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Cayugas draw line in sand for Haldimand planners

Cayugas draw line in sand for Haldimand planners

CAYUGA – Cayuga town planners ran into a room full of objections to the proposed abandoning of a plot of land, which lies between the Cayuga Courthouse and the River. Documents provided to the Haldimand planners by Wilf Davie and a delegation from the Men’s Fire, show that the land once gifted to the fledgling

CAYUGA – Cayuga town planners ran into a room full of objections to the proposed abandoning of a plot of land, which lies between the Cayuga Courthouse and the River.

Documents provided to the Haldimand planners by Wilf Davie and a delegation from the Men’s Fire, show that the land once gifted to the fledgling town of Cayuga by the Cayuga Nation, was for specific purposes only.

The city planners want to build a new administrative headquarters there but to do so, they would have to abandon the land in question first to relieve itself of certain encumbrances. The problem is, this was land gifted for specific usage and if it is to be abandoned, people are saying it should go back to the original land holders, the Cayugas of the Haudenosaunee Nation of the Six Nations of the Grand River.

Last Thursday, a delegation from the Men’s Fire challenged Haldimand council on several points, among which was the Haldimand Deed itself, which states the underlying land title is Six Nations Six Nations owned and should be returned to the Cayuga Nations once it concludes the purpose for which it was gifted.

Davie spoke to the meeting of around 80 residents and Six Nations delegation members at the Cayuga Kinsman Hall.

He read from a letter, which he gave to the chairman of the meeting representing Haldimand Council, saying, “This land was gifted to the town of Cayuga but now you want to abandoned it. I am here to tell you this piece of property will remain with us along with its contents intact as such.”

The historical documents spell out that there were certain restrictions of use of the land “gift” to settler government and that Haldimand is either not being considered, or purposefully forgotten.

“I’d like to remind this community and others that the municipality has a duty to consult,” he continued. “But who is to consulted with. The Crown must consult directly with the Haudenosaunee with intention to meeting its duty to consult and accommodate and to ensure that appropriate consultation and accommodation measures are carried out. The Crown cannot delegate or relegate its responsibilities towards Treaty Rights.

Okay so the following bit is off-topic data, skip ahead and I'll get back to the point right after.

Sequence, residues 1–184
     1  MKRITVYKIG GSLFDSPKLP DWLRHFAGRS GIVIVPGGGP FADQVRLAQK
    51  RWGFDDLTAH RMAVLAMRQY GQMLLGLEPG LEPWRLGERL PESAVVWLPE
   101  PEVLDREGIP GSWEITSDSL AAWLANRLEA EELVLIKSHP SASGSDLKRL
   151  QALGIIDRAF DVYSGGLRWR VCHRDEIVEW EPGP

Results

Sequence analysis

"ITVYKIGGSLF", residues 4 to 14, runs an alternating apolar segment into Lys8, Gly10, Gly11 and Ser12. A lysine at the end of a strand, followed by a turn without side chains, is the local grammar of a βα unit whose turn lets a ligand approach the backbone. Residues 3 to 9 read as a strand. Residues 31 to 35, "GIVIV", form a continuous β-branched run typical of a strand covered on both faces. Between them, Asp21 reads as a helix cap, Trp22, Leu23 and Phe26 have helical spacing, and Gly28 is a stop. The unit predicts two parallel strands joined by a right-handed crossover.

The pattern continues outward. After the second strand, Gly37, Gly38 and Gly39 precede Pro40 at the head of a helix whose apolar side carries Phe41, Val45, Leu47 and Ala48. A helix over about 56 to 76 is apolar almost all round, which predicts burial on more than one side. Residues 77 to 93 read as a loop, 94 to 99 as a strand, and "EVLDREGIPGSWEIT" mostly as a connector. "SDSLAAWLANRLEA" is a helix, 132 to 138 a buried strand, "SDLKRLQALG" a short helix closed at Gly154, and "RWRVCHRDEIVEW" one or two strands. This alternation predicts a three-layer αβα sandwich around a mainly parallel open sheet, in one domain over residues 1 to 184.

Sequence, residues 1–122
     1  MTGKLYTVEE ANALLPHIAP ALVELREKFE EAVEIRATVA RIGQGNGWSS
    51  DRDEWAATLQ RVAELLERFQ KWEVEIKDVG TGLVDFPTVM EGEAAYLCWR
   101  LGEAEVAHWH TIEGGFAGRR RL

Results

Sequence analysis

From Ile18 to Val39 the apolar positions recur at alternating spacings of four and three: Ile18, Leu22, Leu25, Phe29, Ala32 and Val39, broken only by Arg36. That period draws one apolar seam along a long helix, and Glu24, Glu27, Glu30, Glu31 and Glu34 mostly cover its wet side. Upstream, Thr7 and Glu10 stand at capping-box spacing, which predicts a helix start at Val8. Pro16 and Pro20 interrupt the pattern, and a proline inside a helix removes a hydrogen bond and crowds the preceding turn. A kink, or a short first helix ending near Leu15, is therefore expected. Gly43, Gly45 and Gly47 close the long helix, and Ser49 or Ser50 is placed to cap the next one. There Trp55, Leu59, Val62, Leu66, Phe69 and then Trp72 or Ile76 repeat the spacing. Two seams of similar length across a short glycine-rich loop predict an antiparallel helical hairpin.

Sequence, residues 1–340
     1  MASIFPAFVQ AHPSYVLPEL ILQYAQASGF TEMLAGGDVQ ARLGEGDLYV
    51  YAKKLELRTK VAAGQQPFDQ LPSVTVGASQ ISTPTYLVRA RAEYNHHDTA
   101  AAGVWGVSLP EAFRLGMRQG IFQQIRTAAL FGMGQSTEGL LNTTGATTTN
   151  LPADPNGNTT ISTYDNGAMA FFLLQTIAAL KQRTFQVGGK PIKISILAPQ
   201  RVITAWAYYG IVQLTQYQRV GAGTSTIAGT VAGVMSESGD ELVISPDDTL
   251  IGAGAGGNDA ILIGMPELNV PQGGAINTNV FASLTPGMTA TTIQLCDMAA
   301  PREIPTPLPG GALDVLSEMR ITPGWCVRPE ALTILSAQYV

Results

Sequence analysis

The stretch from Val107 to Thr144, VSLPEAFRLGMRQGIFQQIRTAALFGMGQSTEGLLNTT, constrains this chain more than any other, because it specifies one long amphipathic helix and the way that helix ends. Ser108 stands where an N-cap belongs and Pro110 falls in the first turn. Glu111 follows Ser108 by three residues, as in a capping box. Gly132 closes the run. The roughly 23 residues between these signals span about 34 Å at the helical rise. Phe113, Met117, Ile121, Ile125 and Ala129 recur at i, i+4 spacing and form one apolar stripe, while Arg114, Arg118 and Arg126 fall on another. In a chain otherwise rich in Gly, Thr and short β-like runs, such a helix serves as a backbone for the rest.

Davie read from a government document regarding consultation to underpin his presentation.

In the documents left for Haldimand’s consideration were 13 cases in court regarding duty to consult, but only pointed out a few for the live audience.

There is an onus to Haudenosaunee communities to make their concerns known, according to the protocol, and that is just what Davie and the Men’s Fire are doing.

Davie spoke of the violation of treaty rights, the duty to consult, particularly referring to federal court rulings that reprimand municipalities and provincial agencies for not following proper policies.

He referred to institutional racism by assuming they can just go ahead without consultation required, and other points of law.

“It is apparent to the Men’s Fire that the violation of treaty rights under land use and its fiduciary rights to the Haudenosaunee as well as the reminder of Two Row Wampum should occur,” said Davie.

“We could have done this in other ways but we wanted you to know that we know about these gifted properties that you want to abandon, we have the rightful title to the land in question,” said Davie. “The land was gifted to this town freely and if you don’t want it, give it back.”

When he finished, there was applause from about 80 native and non-native Cayuga residents opposed to the plan for their own reasons. Most wanted to leave the property as it is.

One resident reminded council of the wording of the official plan, which says it is up to the residents what to do with the land, not the mayor, or developers or council or city planners.

“It says residents,” he said to more applause.

Another resident stated he would not stand for Haldimand to relinquishing the right to that land at all.

The minutes from that meeting will be taken back to Haldimand Council with a recommendation based, supposedly, on the wishes of “the people.”

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Jim Windle

Jim Windle

Jim Windle is a veteran news and sports reporter who has been published in a number of mediums and publications. contact Jim: windlejim@rocketmail.com

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